What does the 2018 federal budget mean for your taxes?
February 28, 2018
The federal budget for 2018-2019 was presented on February 27, 2018 – and some of the changes also mean changes for your taxes.
For example, if you are a lower-income taxpayer who is working, you can expect bigger refunds beginning in 2019 as the result of a new Canada Workers Benefit. And if you are starting a family, changes to the EI program will allow an additional five weeks of benefits when both parents agree to share parental leave.
Below is a summary of the changes that have the biggest impact on taxes:
The Working Income Tax Benefit gets a makeover
Effective for the 2019 taxation year, the working income tax benefit (WITB) program will be getting a new name (Canada Workers Benefit) with increased benefits. Single working taxpayers with net income up to around $24,000 will now qualify (up from around $18,800) while working single parents and families will now be able to earn over $36,000 (up from $28,975).
These changes mean an individual earning $15,000 would receive up to almost $500 more in 2019 than in 2018 and an estimated 300,000 more workers will receive the benefit in 2019.
The disability component of the WITB will remain in effect, with the maximum benefit increasing to $700 in 2019, and the phase-out threshold increased to $24,111 for single individuals without dependents and to $36,483 for families.
The Small Business Corporate Tax Rate is reduced
With corporate tax rates being slashed south of the border and the danger of the North American Free Trade Agreement being terminated, there was pressure on the Finance Minister to reduce the general corporate tax rate in order to remain competitive. However, any immediate reaction on this front was ruled out.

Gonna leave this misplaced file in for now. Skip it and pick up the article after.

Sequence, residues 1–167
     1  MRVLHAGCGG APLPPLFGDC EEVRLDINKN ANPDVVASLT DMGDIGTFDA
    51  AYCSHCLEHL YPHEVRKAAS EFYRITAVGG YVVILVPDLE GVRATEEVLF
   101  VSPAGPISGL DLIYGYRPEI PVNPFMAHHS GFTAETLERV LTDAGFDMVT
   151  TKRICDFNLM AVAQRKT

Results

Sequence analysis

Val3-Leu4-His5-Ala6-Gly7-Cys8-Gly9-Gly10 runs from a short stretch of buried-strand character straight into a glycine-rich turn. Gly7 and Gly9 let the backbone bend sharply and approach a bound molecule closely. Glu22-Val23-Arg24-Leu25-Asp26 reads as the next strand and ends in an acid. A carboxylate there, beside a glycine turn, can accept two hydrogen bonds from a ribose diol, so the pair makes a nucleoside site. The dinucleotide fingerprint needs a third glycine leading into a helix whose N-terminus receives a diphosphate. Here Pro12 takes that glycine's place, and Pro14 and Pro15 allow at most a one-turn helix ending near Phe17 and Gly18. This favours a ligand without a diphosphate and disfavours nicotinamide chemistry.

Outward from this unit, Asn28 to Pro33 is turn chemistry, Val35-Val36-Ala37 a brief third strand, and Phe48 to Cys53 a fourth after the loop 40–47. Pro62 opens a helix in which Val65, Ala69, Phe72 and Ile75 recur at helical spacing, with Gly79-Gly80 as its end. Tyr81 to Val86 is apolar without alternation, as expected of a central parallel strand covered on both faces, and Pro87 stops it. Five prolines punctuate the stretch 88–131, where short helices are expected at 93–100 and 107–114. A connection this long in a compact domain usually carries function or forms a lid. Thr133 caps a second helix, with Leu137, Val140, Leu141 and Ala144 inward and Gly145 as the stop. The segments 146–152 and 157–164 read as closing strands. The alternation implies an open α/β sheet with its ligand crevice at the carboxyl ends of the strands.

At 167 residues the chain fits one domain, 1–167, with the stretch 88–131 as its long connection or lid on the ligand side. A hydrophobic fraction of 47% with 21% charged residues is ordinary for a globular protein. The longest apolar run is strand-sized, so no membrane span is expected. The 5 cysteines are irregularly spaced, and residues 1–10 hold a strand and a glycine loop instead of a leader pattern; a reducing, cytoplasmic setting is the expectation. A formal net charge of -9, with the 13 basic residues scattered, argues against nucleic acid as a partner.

However, the small business corporate tax rate was reduced from 10.5% to 10% effective for 2018 and will be further reduced to 9% for 2019.
New EI Parental Sharing Benefit are here
The 2018 budget proposes a supplemental “parental sharing benefit” which will provide an additional five weeks of benefits when both parents agree to share parental leave, designed to provide greater flexibility—particularly for mothers—to return to work sooner, if they so choose, knowing their family has the support they need.
Additional changes to the EI program will extend the Working While on Claim program to maternity and sickness benefits so that mothers will have greater flexibility in planning their return to work while keeping more of their EI benefits. This pilot program, which was originally due to expire in August 2018 has now been extended to August 2021 and allows claimants to keep 50 cents of their EI benefits for every dollar they earn, up to a maximum of 90 per cent of their EI benefits.
More Medical Expenses can be claimed
Effective for 2018, taxpayers suffering from a severe mental impairment will be able to claim the costs of caring for a service animal to help cope with such tasks as guiding a disoriented patient, searching the home of a patient with severe anxiety before they enter and aiding a patient experiencing night terrors. However, animals that provide comfort or emotional support but have not been specially trained to perform the tasks above will not be eligible.
Foreign-Born Status Indians are now eligible for the Canada Child Benefits
When the Canada Child Benefit (CCB) was introduced in 2016, eligibility was extended to foreign-born status Indigenous individuals who resided in Canada but were not Canadian citizens or permanent residents. Under the rules for the existing CCB, these individuals were not eligible. As the result of measures contained in the 2018 budget, these same taxpayers will be allowed to retroactively apply for CCB for the 2005 taxation year through to June 30, 2016.
If you have questions about what these changes mean for you, H&R Block Tax Experts are always available to connect. For more information, visit one of H&R Block’s offices or online at www.hrblock.ca.